Sunday, May 20, 2007

Heroic Cicaks

Nic Wong wrote to tell me about Malaysian political and pop culture magazine the CICAK's second annual writing competition.

The theme is:
50 Years, 50 Heroes: Young Malaysians You Need to Know
and it is:
.. a global search for 50 young Malaysian heroes in conjunction with the country’s 50th Independence Day.
Participants will write about and photograph an unsung Malaysian hero who has persevered against all odds to succeed, or has helped his or her friends, family, society or country in unique ways. Be sure to include the challenges your hero faces, and how he or she will overcome them. Make your hero REAL to readers by including his or her goals, passion, ambition and life-experiences. And be creative!

The top 50 stories will be published in a book. Prizes worth RM1,000 will also be awarded to the winners.

theCICAK is collaborating with The Star and Inkyhands, an online Malaysian literary magazine. The competition is supported by Pusat Komunikasi Masyarakat (KOMAS), an organization that promotes community and public education through documentary film-making. A US$2,500 grant from the Swarthmore Foundation at Swarthmore College in Pennsylvania will fund the competition.
For a full list of rules, a tasty list of prizes, and more info click here.

And if you want to catch the mucho talented Nic, he will be reading at Seksan's this coming Saturday. (More info about the event coming shortly.)


Anonymous said...

Thanks for the links, Sharon. I've never heard of the publicatons before, so I went over to check it out. Smells like bastions of racism to me. But I guess as long as it's Malay/Islam-bashing, it's okay.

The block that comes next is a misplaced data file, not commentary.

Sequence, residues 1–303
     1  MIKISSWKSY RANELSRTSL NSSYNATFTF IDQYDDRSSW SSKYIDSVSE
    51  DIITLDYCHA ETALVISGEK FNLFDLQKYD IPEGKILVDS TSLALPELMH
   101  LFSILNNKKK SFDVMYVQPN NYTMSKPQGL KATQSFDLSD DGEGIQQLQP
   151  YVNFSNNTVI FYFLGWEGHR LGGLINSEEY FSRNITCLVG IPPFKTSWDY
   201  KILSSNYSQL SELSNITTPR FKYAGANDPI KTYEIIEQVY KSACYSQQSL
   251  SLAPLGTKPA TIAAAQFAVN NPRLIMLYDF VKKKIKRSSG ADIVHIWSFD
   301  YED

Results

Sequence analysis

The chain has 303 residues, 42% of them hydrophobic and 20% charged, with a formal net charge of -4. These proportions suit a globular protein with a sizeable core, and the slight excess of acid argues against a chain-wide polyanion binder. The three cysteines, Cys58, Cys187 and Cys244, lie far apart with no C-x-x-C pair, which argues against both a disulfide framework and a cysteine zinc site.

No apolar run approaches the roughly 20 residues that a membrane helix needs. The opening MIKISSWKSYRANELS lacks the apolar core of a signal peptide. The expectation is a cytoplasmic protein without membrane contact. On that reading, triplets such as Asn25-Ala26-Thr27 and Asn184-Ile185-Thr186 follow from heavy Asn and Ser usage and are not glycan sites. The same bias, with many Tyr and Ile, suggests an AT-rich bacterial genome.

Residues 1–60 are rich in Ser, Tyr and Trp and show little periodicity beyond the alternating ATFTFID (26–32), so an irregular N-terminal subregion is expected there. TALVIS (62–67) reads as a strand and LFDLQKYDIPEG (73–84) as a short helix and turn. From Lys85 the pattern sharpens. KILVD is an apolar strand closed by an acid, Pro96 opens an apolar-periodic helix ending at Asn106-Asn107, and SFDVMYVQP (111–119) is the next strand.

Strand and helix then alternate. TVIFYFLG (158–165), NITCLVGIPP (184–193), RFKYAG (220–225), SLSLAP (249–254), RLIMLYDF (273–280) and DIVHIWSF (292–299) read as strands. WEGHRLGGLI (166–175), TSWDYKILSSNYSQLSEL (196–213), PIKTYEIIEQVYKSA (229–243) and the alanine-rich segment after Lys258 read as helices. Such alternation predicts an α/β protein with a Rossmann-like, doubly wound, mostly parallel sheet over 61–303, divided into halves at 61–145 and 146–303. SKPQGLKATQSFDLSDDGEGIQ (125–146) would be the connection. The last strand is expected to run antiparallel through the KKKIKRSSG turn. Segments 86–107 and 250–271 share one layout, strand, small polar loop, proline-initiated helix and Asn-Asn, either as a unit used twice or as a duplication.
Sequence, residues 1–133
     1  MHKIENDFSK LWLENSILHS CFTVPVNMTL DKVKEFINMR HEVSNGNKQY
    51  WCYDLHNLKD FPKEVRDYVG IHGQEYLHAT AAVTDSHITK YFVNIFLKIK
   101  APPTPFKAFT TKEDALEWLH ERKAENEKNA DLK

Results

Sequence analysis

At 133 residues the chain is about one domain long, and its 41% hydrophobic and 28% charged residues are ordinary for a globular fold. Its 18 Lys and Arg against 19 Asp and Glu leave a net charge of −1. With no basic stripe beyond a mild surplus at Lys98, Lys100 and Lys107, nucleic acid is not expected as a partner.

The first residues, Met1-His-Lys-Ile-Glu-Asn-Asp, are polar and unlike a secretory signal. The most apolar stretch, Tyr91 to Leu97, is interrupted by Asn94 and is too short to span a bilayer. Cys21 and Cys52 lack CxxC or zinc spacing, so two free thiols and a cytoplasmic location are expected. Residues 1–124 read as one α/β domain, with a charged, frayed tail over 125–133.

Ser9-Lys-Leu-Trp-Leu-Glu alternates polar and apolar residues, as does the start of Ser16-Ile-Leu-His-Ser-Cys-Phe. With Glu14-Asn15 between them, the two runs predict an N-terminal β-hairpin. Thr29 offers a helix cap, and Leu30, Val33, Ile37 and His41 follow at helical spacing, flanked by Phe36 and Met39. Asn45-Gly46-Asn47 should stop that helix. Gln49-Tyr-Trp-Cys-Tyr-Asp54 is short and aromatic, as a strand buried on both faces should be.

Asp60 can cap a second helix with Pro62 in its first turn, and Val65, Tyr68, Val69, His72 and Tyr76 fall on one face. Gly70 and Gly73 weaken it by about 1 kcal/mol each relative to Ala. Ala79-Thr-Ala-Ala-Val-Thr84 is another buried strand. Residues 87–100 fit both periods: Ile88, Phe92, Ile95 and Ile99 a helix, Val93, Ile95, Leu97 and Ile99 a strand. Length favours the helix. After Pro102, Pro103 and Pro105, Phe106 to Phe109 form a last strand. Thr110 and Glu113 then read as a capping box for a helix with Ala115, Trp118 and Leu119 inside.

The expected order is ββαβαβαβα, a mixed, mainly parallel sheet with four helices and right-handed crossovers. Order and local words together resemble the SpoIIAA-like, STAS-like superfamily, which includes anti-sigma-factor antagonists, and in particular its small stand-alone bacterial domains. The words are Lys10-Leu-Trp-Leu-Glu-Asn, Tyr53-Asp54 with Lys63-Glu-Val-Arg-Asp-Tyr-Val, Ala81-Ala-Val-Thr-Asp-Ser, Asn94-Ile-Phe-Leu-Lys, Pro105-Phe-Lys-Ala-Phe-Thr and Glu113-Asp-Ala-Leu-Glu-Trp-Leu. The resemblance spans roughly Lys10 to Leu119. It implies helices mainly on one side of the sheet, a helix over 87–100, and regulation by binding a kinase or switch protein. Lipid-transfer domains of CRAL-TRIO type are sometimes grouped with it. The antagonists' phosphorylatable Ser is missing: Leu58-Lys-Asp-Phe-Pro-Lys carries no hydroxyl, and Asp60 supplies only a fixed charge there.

Check out the "intelligent" article about Muslim astronauts, as an example. Can imagine such fluff in Mingguan Malaysia. Maybe the alternative press is just as shallow after all?

- Ruhayat X

Anonymous said...

It's all grist for the mill, X. TC is targeted towards teenagers, so yeah it's got to be shallow and superficial, because there's your average teenager for you.

It's funny how if you help someone else to succeed against all odds, you're a hero. But if you help yourself to succeed against all odds, you're not.

People are denied a chance to be heroes just because they didn't have any odds to persevere against.

Anonymous said...

Shallow and superficial, sure, but does it have to smack of racism too? I present to you Exhibit (1): "Terengganu Relaxing Its Polygamy Laws" and Exhibit (2): "Malaysia Space Odyssey".

I don't think I've ever written anything that snidely pokes fun at the culture and traditions of Christians, Buddhists, Hindus or even Jews. Criticism is fine, but not when it's laced with some kind of derision. I think it's called "mutual respect". It's good for teenagers to be taught that at an early age.

- Ruhayat X

bibliobibuli said...

can i poke the fire a pit here, anonymous, i don't believe that the average teenager is necessarily shallow and superficial. the newspapers and magazines are dumbed down for a younger age group, but i think it is so bloody condescending.

i was surprised when i first realised that many of the readers of this blog were teenagers - an age group i certainly didn't think i was writing for. i do write some pretty frivolous tabloidy stuff here, but most of it isn't and neither are the articles i link to. i suspect that there is more of an appetite for intellectual engagement than is currently being fed ...